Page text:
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Sometimes we forget that people with Chronic Pain have pain due to their primary diagnosis of an auto-immune disease. Lupus is one of those diseases that can cause chronic pain. This interview is with my brother, Aaron, who is on his way to thriving while living with Systemic Lupus Erythematosus (SLE) aka Lupus.

Can you share about your symptoms, and your experience of how you were diagnosed with Lupus?

I first started noticing symptoms back in 2008. It started first with skin rashes, red skin, and the butterfly rash on my face. It was a slow progression of symptoms until last winter. In 2013, I went to my primary care doctor (in Texas) to discuss my ears, which had been ringing for 2 1/2 years. I also showed him my Malar (Butterfly) Rash, and complained of nausea and dizziness. The doctor said that my ears were a little bit inflamed and “Well, it is allergy season.” He said that the Butterfly Rash was from the sun. He then told me that the nausea and dizziness were from panic attacks. I told him that this did not feel like anxiety. All that he ended up doing was he cleaned out my ears and sent me home.

In 2015, I was back in Minnesota, and I had started a new job. The pain in my joints had increased significantly. I was seeing a psychiatrist and she said that I was depressed, and that was why my joints hurt so bad. I then went to my new primary care doctor and showed him how swollen my joints were, how they cracked and popped, and that the pain was unbearable. The doctor decided to run tests to check for connective tissue diseases. The first test that he ran was an Anti-Nuclear Antibody (ANA) test. That came back positive with a speckled pattern, which was indicative of SLE. The symptoms of Lupus mimic other diseases and diagnoses, so it takes a while to rule everything out. They have to use bloodwork with a combination of your symptoms to make a formal diagnosis. I was actually diagnosed with unspecified diffuse connective tissue disease before being diagnosed with Lupus.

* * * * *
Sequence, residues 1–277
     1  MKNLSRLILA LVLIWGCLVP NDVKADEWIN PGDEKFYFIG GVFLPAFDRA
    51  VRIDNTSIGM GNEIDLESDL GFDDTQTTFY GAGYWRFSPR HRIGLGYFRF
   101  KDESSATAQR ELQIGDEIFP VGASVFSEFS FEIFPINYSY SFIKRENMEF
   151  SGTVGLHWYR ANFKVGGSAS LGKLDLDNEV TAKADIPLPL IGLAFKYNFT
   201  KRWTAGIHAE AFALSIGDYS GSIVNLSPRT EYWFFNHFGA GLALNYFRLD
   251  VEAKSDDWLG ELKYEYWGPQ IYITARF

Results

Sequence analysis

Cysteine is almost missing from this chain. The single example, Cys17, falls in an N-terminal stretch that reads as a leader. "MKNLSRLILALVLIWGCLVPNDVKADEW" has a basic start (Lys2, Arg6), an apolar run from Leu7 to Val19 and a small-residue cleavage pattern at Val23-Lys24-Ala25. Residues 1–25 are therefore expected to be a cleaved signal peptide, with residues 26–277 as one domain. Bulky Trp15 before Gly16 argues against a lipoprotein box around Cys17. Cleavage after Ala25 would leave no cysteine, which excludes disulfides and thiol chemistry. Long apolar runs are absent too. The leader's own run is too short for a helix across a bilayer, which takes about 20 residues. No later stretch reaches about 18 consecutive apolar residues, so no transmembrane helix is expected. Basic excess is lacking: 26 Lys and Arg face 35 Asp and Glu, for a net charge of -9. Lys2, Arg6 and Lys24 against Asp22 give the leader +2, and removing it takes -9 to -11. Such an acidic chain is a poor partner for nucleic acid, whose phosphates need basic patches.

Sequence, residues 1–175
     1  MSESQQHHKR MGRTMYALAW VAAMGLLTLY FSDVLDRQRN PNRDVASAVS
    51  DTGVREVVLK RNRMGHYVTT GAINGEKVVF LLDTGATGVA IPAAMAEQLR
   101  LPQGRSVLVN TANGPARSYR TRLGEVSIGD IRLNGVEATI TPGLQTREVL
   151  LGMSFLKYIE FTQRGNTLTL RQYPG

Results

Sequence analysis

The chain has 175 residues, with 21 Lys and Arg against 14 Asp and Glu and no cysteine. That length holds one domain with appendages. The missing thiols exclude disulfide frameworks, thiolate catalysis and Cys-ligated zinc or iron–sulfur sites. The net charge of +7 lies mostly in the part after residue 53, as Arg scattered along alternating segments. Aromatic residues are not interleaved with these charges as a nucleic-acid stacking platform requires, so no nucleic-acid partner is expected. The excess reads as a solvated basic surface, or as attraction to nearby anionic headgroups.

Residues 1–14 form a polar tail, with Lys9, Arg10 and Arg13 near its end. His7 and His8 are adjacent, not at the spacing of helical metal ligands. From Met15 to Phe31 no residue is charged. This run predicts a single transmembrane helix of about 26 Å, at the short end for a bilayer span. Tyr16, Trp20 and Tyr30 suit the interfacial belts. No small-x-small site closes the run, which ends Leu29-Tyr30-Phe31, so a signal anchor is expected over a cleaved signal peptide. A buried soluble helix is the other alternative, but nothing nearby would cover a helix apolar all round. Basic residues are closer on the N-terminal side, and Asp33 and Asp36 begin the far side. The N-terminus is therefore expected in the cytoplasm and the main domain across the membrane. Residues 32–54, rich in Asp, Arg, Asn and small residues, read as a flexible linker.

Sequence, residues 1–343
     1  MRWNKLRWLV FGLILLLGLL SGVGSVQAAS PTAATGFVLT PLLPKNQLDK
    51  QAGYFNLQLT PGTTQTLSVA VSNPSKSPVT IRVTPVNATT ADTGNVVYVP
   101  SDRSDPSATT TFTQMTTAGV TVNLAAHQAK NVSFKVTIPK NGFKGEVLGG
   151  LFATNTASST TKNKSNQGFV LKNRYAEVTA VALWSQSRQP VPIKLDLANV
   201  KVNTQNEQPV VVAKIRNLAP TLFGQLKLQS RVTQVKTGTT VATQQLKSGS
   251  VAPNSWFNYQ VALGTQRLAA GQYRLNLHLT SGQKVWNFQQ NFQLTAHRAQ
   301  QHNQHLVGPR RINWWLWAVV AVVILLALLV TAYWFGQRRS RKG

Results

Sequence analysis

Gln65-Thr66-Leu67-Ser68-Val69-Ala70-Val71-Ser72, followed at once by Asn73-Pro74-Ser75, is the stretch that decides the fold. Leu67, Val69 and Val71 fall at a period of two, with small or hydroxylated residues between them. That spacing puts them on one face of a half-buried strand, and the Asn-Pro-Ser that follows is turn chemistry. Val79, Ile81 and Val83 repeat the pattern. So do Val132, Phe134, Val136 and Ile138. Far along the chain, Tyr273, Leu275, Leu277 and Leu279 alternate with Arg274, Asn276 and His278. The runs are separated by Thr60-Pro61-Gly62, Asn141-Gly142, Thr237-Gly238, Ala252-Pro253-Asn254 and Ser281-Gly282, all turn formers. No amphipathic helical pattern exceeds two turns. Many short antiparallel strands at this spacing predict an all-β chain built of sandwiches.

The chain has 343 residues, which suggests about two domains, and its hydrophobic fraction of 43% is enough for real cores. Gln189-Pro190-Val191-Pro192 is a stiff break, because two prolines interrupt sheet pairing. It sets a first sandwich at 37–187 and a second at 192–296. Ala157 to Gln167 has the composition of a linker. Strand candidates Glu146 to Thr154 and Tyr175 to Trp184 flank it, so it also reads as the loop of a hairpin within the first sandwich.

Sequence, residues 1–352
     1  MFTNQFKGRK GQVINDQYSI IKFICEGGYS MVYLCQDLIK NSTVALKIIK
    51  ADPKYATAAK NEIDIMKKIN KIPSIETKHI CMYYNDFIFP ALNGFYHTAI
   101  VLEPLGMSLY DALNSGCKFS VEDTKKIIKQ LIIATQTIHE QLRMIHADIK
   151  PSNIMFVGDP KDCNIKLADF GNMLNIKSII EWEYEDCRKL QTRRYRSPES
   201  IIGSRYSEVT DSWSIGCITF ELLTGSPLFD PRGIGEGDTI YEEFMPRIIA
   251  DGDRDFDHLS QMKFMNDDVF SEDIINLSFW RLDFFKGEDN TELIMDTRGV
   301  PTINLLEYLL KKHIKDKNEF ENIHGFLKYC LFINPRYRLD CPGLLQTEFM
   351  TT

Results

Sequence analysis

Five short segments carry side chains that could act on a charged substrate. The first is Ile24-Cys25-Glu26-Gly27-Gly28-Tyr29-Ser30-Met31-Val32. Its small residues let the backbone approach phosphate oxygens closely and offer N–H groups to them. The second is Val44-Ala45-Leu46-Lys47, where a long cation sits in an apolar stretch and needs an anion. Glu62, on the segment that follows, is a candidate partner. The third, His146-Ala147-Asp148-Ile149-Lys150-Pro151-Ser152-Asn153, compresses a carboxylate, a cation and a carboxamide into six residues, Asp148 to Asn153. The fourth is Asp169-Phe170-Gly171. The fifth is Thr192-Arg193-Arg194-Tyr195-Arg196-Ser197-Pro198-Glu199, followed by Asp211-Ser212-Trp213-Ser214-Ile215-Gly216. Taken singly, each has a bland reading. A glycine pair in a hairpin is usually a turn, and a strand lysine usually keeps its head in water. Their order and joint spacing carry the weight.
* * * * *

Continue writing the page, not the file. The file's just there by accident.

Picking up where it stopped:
men get lupus too

What was the treatment after your diagnosis?

Well, they referred me to several different types of doctors: ENT, audiology, rheumatology. I was on the waiting list and couldn’t get in to see the rheumatologist for several months. The good ones are hard to find, and there seems to be a shortage of them. My symptoms got so bad that I had to go to the emergency room, and they said I needed to get in right away. I got a referral to a different health network so that I could get in to see the rheumatologist as soon as possible. I’ve been on a lot of different prescriptions to try and manage the flare ups: Zofran, Plaquenil, Prednisone, Zanaflex, Methotrexate, Folic Acid, and B12. I will be starting on Benlysta soon. I am keeping my rheumatologist right now in Minnesota because he knows my history, and knows Lupus. I come up from Texas for my appointments with him.

What other things are you doing to manage your symptoms?

I have to be careful because I am photosensitive and I live in a warmer climate. So, I wear 100 SPF sunscreen, and shirts with built-in sunscreen. I have gone to a completely organic diet which helps with my overall health, digestion, nausea, and energy levels. I don’t eat sweets. If I eat crap food, I just feel more like crap. I have started to stretch every morning. As much as I hate taking the time to do it, it really helps. I also take supplements. I take probiotics, and a high-quality liquid vitamin. I also like to drink kombucha. Every morning, I make a smoothie in my Nutribullet. I don’t overstress my body, so I enjoy mild exercise and don’t take it too far. Instead of running and lifting, I go on a relaxing walk. De-stressing is sometimes hard, but very critical, because stress can cause flare ups. I have to really take care of myself and have a good balance of the right kind of diet, and the amount of exercise that’s right for me.

What is your favorite way to de-stress?

I drink calming herbal teas. My favorite daytime tea is honey lavender, and my favorite nighttime tea is Sleepytime with Valerian.

How has your social life changed?